Following further news in October 2017 that car makers Toyota, Nissan, and General Motors, and train manufacturer Hitachi, were among 200 companies affected by the Kobe Steel's mislabelling, which had potential safety implications for their vehicles, the CEO of Kobe Steel conceded that his company now had "zero credibility". [10] Other affected companies include Ford, Boeing and Mitsubishi Heavy Industries. [5] CEO Kawasaki promised to lead an internal investigation. [5] On 13 October 2017, Kobe Steel admitted that the number of companies misled was over 500. [11]

Despite the costs of dealing with the scandal, Kobe Steel issued a revised profit forecast in February 2018 announcing that it expects to generate a net profit of ¥45 billion ($421 million) for the full 2017 fiscal year, marking its first net profit in three years. [12] [13]

Business segments and products

Kobelco crane in Dubreka (Guinea) Pelle a Dubreka.jpg
Kobelco crane in Dubreka (Guinea)

Manufacturing locations

See also

Related Research Articles

Kobe City in Japan

Kobe is the seventh-largest city in Japan and the capital city of Hyōgo Prefecture. It is located on the southern side of the main island of Honshū, on the north shore of Osaka Bay and about 30 km (19 mi) west of Osaka. With a population around 1.5 million, the city is part of the Keihanshin metropolitan area along with Osaka and Kyoto.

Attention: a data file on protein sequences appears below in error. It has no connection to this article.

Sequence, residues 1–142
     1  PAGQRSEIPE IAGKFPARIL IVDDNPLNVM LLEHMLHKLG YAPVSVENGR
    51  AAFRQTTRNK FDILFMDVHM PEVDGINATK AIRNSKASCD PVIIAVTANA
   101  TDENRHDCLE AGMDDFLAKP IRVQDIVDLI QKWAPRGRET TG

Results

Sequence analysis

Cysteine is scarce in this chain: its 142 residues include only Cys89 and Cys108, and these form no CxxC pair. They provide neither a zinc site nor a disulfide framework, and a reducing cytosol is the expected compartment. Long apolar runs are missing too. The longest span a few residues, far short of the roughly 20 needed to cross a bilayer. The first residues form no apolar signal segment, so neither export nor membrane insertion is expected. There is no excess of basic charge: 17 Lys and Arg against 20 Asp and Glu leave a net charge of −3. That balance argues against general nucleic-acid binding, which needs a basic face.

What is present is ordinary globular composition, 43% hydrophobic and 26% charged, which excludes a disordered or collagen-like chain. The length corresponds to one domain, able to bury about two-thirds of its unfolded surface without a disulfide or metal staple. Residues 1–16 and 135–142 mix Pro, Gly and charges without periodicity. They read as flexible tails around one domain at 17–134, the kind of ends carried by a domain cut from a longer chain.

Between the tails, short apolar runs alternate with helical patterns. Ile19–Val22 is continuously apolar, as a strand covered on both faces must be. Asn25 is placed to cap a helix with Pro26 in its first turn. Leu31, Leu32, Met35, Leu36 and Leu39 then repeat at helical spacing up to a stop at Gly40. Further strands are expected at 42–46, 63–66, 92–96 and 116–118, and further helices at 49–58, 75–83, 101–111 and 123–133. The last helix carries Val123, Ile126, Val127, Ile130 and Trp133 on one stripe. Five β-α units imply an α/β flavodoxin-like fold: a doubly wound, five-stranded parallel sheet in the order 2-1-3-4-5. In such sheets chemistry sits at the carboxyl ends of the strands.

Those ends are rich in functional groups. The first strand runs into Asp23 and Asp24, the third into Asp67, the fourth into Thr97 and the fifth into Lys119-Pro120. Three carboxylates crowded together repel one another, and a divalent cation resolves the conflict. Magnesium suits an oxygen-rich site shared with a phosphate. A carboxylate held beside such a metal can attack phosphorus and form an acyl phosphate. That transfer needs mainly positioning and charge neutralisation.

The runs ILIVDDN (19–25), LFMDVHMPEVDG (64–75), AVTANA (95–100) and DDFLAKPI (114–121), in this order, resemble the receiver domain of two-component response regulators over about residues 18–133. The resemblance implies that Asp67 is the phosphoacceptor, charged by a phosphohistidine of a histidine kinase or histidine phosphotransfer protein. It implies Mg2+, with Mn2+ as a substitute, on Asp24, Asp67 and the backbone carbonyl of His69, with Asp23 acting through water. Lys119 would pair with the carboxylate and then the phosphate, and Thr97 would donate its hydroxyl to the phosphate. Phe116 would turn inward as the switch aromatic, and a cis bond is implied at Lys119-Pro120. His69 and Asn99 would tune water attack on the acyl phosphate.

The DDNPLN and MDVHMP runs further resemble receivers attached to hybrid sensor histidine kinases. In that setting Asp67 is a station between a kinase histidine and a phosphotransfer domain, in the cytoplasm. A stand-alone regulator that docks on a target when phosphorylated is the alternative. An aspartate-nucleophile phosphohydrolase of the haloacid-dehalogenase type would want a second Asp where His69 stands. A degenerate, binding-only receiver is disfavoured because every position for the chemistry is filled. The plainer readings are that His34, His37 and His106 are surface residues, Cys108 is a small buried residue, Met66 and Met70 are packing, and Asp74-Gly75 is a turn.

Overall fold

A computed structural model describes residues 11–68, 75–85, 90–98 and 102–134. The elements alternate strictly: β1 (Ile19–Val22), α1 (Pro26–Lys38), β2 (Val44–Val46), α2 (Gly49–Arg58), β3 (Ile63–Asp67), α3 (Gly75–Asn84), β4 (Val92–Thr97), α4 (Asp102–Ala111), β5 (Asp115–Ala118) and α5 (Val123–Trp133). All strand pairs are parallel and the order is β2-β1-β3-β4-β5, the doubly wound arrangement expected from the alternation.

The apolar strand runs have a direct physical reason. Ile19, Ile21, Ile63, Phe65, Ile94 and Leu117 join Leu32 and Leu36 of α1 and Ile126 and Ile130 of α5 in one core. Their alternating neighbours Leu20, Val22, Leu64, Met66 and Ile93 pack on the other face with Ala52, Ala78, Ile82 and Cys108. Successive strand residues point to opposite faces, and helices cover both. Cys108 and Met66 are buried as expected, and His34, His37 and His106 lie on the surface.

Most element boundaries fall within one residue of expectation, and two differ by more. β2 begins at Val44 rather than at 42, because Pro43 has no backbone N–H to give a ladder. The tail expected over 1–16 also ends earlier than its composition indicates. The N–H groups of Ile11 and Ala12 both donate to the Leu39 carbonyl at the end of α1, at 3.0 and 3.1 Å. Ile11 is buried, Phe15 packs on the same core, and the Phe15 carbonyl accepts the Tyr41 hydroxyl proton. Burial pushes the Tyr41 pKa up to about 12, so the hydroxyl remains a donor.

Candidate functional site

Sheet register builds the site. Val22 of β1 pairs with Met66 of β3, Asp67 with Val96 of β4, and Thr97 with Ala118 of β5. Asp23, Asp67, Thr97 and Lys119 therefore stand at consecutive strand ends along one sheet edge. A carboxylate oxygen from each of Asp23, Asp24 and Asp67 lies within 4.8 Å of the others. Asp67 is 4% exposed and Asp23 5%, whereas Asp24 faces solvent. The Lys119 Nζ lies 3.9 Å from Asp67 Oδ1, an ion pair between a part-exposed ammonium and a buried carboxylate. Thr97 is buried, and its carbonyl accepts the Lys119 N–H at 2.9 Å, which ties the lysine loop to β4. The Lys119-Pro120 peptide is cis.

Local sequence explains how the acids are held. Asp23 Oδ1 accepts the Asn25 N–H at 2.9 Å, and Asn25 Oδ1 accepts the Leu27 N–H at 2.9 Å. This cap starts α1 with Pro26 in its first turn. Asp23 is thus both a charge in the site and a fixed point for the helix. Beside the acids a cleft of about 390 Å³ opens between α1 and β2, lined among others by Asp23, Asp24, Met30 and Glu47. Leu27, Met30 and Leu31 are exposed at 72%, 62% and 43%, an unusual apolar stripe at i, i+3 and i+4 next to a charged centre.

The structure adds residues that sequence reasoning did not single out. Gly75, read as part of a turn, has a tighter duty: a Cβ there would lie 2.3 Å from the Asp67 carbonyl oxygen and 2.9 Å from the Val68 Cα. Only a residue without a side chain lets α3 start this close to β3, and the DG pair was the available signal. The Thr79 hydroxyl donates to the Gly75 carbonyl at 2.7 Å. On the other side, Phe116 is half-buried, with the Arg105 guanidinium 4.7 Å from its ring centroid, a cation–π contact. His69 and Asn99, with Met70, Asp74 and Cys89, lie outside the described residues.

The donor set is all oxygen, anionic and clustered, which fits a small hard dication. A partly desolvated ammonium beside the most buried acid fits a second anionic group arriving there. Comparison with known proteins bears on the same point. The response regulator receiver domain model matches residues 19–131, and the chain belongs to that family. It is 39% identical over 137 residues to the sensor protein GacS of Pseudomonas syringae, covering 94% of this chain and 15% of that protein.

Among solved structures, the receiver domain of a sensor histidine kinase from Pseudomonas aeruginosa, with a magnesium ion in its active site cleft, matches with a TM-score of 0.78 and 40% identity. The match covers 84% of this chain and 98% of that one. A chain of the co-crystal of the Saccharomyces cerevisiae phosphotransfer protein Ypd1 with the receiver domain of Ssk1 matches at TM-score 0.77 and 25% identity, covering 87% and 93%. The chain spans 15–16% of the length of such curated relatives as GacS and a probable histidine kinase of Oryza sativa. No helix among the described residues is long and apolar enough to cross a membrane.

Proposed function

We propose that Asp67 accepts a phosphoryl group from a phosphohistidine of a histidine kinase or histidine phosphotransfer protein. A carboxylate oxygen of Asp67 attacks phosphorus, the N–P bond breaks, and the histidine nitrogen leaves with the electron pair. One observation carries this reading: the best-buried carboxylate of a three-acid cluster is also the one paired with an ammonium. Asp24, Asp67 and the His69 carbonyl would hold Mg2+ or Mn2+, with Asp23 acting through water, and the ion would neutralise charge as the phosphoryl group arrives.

Kawasaki Heavy Industries Japanese manufacturing company

Kawasaki Heavy Industries Ltd. (KHI) is a Japanese public multinational corporation primarily known as a manufacturer of motorcycles, engines, heavy equipment, aerospace and defense equipment, rolling stock and ships. It is also active in the production of industrial robots, gas turbines, boilers and other industrial products. The company is named after its founder Shōzō Kawasaki, and has dual headquarters in Chūō, Kobe and Minato, Tokyo.

Hyōgo Prefecture Prefecture of Japan

Hyōgo Prefecture is a prefecture of Japan located in the Kansai region of Honshu. Hyōgo Prefecture has a population of 5,469,762 and has a geographic area of 8,400 square kilometres (3,200 sq mi). Hyōgo Prefecture borders Kyoto Prefecture to the east, Osaka Prefecture to the southeast, and Okayama Prefecture and Tottori Prefecture to the west.

Kakogawa, Hyōgo Special city in Kansai, Japan

Kakogawa is a city located in Hyōgo Prefecture, Japan. The city was founded on June 15, 1950. It is located near the point where the Kako River flows into the Seto Inland Sea.

Takasago, Hyōgo City in Kansai, Japan